The little Wiener dog (known to us in the UK as a dachshund) is the real star of this movie. He wanders through from owner to owner with a change of name each time, often being taken up by someone who doesn’t bring much joy to the long dog with short legs.
Initially the dog is bought by a father (Tracy Letts) for his sick son. His wife (Julie Delpy) is not keen on dogs and they leave him almost dead at the vet’s after he goes for an operation. Rescued by the vet’s assistant (Greta Gerwig), she takes him is on a trip with her boyfriend (Kieran Culkin). He is then handed over to the boyfriend’s Downs Syndrome brother.
Following an amusing, very short and somewhat strange “Intermission” when we hear the Wiener-Dog song and see the dog walking in front of famous tourist spots, we next see the little dog with an unsuccessful screenwriter (Danny DeVito) who also teaches at a film school where the students make fun of him. There is an incident with a bomb attached to the poor dog before we progress to the Wiener-dog’s final owner, an elderly blind lady (Ellen Burstyn). Now called Cancer, the little dog moves on not terribly happily, I’m afraid.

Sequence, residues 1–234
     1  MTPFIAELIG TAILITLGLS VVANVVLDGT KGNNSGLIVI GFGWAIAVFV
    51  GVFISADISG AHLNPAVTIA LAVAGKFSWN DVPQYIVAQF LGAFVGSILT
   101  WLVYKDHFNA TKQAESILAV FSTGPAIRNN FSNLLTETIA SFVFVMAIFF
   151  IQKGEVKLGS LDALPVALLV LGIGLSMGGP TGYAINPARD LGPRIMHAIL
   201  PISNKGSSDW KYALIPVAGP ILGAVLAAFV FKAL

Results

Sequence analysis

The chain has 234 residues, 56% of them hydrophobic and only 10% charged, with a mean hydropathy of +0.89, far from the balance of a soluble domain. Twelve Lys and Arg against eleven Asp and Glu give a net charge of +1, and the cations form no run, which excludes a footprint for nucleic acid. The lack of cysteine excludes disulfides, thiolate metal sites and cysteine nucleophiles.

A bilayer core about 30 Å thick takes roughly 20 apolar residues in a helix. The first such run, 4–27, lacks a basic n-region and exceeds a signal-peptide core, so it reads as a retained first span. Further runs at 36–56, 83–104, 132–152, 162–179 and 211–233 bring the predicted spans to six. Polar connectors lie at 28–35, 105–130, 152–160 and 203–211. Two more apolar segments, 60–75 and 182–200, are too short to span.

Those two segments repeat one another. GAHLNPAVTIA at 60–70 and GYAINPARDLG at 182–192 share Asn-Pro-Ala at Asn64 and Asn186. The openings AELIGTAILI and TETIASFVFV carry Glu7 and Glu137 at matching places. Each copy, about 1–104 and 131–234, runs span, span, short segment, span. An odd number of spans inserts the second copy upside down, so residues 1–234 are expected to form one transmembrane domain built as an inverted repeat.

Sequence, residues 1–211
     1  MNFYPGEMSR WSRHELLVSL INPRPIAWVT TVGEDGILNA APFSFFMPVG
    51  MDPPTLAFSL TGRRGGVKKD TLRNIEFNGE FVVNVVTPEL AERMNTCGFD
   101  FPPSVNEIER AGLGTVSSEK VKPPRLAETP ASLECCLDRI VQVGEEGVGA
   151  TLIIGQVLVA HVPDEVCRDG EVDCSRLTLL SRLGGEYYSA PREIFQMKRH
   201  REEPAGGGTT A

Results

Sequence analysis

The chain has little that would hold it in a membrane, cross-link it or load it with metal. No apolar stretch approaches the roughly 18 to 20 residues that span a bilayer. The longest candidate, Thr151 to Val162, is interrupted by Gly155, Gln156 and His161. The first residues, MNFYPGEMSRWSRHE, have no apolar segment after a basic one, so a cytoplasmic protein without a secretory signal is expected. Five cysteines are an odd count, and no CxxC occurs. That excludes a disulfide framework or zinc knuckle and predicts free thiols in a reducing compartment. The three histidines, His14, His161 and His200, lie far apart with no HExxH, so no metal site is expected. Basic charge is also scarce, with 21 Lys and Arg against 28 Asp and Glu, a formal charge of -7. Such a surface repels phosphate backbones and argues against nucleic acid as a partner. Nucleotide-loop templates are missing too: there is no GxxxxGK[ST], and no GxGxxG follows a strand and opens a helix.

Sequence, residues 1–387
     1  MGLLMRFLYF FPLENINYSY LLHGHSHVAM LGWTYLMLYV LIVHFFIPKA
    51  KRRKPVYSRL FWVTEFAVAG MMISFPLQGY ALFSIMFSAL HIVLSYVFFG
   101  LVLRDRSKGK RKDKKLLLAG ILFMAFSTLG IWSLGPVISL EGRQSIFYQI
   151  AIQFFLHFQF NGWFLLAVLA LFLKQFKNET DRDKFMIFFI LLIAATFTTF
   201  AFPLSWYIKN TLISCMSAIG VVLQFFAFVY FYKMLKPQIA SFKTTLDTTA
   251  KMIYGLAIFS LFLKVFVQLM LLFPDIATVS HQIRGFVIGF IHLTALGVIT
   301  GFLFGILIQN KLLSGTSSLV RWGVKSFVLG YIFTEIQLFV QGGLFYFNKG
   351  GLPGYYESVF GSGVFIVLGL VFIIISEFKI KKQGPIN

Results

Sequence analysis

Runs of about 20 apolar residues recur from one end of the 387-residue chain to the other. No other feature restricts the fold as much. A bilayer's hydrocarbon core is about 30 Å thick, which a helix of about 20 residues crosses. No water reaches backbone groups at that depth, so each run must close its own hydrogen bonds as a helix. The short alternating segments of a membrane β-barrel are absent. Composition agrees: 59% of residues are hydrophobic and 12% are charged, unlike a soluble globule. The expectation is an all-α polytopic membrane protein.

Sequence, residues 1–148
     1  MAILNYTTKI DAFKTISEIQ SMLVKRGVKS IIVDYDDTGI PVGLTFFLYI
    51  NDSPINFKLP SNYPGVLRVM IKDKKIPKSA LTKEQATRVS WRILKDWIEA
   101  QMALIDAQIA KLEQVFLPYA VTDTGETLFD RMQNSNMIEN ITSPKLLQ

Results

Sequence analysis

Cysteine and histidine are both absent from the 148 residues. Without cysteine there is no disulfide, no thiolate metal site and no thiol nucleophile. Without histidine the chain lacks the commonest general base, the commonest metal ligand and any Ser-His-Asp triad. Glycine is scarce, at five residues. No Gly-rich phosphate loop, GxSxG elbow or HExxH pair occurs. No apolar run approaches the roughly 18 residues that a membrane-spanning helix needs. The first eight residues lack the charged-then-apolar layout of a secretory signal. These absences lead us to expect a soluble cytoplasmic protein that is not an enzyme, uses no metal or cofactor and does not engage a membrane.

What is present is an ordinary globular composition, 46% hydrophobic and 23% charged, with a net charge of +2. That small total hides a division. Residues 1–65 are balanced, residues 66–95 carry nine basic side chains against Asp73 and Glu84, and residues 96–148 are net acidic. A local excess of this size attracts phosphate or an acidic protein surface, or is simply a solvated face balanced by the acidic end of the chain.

The cast of well-known actors are all excellent in their parts. While they may have different acting styles director Todd Solondz manages to use them all as individuals and yet keep them as part of his overall story. It helps, of course, that the film is made up of different segments so that the actors work just on their own particular tale. It’s unusual to see Greta Gerwig in a non-comedic role as the sympathetic vet’s assistant who takes pity on the dog and saves his life. She gives a subtle performance without flamboyance, as, indeed, does Danny DeVito who suffers as a failed screenwriter who has to listen to pitches from youngsters. Ellen Burstyn is believably bad tempered in her portrayal of an old lady listening to her granddaughter (Zosoia Mamet) who gives lots of reasons for not visiting recently and just says she now wants to see her grandmother. Burstyn soon realises why the girl has come and asks, “How much do you want?”
It’s a quirky black comedy – but without a lot of humour – in which the long dog with very short legs suffers at the hands of his various owners. The dog moves with dignity and, although he never speaks, seems to convey an inherent sadness.
Well worth watching, the film is available now on DVD.
Review by Carlie Newman